Conducted over a 90-day period, 13 healthy men and 24 healthy women between the ages of 60 and 75 were randomly assigned to receive either freeze-dried Highbush blueberry powder daily (the equivalent to one cup of fresh blueberries) or a placebo powder. The subjects were tested for balance, gait and cognition at baseline, and again at 45 and 90 days.
The results found that the blueberry-supplemented group showed significantly fewer repetition errors compared to the placebo group in the California Verbal Learning Test (CLVT), a neuropsychological test which can be used to assess verbal memory abilities. The blueberry group also had fewer errors on trials when they switched to a new task as part of a task-switching test, compared to the placebo group. Task switching is an important component of executive function, a collection of brain processes that are responsible for guiding thought and behavior. There was no improvement in mobility in either the blueberry or the placebo group.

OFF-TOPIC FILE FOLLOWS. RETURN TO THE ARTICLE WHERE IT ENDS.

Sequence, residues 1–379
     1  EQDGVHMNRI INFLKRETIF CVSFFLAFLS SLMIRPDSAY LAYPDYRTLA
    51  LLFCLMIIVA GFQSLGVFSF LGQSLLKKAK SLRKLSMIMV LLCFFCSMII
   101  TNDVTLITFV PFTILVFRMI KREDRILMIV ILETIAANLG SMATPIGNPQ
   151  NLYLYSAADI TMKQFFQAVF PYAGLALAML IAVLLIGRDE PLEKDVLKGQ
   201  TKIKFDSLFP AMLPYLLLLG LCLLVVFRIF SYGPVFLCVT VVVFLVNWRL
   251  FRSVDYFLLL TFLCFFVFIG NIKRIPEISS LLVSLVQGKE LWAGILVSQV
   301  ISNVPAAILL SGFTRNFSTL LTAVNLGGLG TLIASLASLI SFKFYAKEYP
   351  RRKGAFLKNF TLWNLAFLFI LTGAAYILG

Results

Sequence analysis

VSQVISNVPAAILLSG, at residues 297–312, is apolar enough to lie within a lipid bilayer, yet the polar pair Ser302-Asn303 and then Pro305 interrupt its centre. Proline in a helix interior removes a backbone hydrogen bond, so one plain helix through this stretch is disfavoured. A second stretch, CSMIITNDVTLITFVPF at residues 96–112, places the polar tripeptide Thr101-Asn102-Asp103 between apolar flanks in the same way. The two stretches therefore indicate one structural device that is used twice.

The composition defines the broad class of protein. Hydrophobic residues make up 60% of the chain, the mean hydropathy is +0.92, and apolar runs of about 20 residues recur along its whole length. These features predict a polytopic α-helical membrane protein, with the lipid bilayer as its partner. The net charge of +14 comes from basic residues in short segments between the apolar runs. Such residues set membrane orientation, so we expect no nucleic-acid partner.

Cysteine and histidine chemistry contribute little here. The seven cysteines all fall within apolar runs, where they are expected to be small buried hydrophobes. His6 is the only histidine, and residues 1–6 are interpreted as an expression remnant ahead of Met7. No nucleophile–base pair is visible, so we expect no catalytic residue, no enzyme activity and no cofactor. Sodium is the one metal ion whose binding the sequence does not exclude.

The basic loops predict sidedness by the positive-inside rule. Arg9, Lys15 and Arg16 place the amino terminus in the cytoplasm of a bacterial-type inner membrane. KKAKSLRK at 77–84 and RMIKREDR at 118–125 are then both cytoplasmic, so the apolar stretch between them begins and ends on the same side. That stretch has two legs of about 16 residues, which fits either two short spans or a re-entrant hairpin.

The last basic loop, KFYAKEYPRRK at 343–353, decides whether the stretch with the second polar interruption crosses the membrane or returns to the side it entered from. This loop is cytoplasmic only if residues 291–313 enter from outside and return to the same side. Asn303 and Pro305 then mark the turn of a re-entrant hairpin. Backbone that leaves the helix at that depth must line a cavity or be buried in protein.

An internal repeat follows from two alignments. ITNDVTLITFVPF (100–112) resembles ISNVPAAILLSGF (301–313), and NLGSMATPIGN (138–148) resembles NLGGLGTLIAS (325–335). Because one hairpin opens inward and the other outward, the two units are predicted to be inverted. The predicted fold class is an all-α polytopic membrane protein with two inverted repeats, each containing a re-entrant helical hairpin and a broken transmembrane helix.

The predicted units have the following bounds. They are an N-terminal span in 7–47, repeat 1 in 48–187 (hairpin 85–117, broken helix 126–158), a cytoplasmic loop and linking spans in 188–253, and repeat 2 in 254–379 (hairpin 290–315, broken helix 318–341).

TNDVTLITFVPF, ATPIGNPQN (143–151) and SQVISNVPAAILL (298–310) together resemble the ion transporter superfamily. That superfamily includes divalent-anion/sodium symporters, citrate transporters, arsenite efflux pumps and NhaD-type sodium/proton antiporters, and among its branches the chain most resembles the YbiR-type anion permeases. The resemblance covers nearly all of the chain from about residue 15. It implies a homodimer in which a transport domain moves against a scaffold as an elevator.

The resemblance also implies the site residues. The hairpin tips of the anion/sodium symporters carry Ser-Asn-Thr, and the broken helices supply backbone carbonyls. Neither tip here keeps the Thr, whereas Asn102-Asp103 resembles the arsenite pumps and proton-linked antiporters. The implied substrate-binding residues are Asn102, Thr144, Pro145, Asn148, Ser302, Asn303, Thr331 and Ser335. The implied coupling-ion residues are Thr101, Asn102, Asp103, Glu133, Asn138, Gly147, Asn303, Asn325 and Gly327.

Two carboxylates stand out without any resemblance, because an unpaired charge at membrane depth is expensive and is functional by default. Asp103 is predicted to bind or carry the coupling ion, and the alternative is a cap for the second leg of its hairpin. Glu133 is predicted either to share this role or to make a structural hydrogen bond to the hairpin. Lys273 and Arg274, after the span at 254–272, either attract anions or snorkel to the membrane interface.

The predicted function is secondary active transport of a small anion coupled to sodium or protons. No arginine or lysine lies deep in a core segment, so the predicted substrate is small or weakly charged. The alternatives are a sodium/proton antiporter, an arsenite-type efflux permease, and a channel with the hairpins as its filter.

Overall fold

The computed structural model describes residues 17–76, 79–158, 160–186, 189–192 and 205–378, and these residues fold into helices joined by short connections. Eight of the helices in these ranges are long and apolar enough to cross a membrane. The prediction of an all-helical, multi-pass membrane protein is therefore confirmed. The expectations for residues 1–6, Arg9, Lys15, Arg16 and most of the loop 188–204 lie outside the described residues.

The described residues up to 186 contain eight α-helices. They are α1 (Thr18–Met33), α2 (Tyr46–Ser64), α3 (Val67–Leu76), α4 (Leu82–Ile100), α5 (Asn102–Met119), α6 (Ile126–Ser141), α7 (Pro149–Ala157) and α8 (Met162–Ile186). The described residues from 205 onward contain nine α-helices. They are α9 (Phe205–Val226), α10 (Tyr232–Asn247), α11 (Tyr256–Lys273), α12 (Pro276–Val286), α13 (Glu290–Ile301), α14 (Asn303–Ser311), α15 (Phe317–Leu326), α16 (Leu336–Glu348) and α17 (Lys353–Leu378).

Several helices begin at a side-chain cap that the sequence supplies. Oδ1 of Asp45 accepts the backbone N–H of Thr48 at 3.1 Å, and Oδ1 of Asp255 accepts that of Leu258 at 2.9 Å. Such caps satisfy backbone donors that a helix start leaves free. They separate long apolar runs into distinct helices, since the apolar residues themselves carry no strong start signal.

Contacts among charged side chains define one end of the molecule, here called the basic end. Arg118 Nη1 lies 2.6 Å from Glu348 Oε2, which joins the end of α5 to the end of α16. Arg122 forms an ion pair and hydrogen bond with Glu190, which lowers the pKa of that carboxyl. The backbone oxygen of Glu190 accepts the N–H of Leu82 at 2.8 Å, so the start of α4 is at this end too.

According to the Centers for Disease Control and Prevention, the number of Americans over the age of 65 is projected to grow rapidly, reaching 88.5 million by 2050. It is more important than ever to assess cognitive health in older adults and uncover interventions that may promote healthy aging, including diet and exercise.
"While more evidence is needed, results of this study add to the body of research on blueberry-supplemented diets and positive outcomes in cell and animal research on age-related cognitive decline," said Barbara Shukitt-Hale, PhD, a USDA staff scientist in the Laboratory of Neuroscience and Aging, USDA-ARS, Human Nutrition Research Center on Aging (HNRCA) at Tufts University and one of the study's lead investigators. "The addition of an easily attainable amount of blueberries to the diet may be an overall positive diet and lifestyle strategy for older adults."
The research was funded by the U.S. Highbush Blueberry Council (USHBC), USDA Agricultural Research Service and Tufts University.